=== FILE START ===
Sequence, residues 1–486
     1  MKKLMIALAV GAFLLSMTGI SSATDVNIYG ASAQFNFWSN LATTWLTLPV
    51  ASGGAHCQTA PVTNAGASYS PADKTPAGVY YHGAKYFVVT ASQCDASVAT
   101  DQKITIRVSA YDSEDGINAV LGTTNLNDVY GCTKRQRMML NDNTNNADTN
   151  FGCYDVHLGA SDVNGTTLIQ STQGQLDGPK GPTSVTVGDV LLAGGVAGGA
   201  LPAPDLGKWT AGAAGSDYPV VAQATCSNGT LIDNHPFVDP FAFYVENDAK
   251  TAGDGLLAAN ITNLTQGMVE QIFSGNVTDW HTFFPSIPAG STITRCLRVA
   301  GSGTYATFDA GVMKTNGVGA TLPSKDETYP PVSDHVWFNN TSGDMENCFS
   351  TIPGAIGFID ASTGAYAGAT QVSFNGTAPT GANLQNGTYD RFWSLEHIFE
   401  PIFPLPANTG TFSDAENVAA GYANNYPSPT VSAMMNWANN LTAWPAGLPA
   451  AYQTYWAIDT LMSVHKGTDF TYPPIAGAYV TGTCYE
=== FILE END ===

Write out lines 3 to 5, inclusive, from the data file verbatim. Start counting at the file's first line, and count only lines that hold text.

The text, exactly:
    51  ASGGAHCQTA PVTNAGASYS PADKTPAGVY YHGAKYFVVT ASQCDASVAT
   101  DQKITIRVSA YDSEDGINAV LGTTNLNDVY GCTKRQRMML NDNTNNADTN
   151  FGCYDVHLGA SDVNGTTLIQ STQGQLDGPK GPTSVTVGDV LLAGGVAGGA